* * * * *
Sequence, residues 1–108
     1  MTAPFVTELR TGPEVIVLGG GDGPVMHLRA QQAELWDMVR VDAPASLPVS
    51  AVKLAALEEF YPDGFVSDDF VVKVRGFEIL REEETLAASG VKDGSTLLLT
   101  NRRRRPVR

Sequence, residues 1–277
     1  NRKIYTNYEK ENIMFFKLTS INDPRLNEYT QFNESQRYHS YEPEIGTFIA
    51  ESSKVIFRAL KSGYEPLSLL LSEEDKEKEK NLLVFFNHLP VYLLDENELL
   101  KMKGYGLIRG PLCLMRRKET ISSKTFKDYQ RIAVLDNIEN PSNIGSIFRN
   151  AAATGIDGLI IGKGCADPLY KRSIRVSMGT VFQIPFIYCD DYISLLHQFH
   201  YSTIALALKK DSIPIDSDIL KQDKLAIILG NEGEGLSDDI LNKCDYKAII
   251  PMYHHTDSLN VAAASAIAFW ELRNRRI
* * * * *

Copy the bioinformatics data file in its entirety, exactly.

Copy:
Sequence, residues 1–108
     1  MTAPFVTELR TGPEVIVLGG GDGPVMHLRA QQAELWDMVR VDAPASLPVS
    51  AVKLAALEEF YPDGFVSDDF VVKVRGFEIL REEETLAASG VKDGSTLLLT
   101  NRRRRPVR

Sequence, residues 1–277
     1  NRKIYTNYEK ENIMFFKLTS INDPRLNEYT QFNESQRYHS YEPEIGTFIA
    51  ESSKVIFRAL KSGYEPLSLL LSEEDKEKEK NLLVFFNHLP VYLLDENELL
   101  KMKGYGLIRG PLCLMRRKET ISSKTFKDYQ RIAVLDNIEN PSNIGSIFRN
   151  AAATGIDGLI IGKGCADPLY KRSIRVSMGT VFQIPFIYCD DYISLLHQFH
   201  YSTIALALKK DSIPIDSDIL KQDKLAIILG NEGEGLSDDI LNKCDYKAII
   251  PMYHHTDSLN VAAASAIAFW ELRNRRI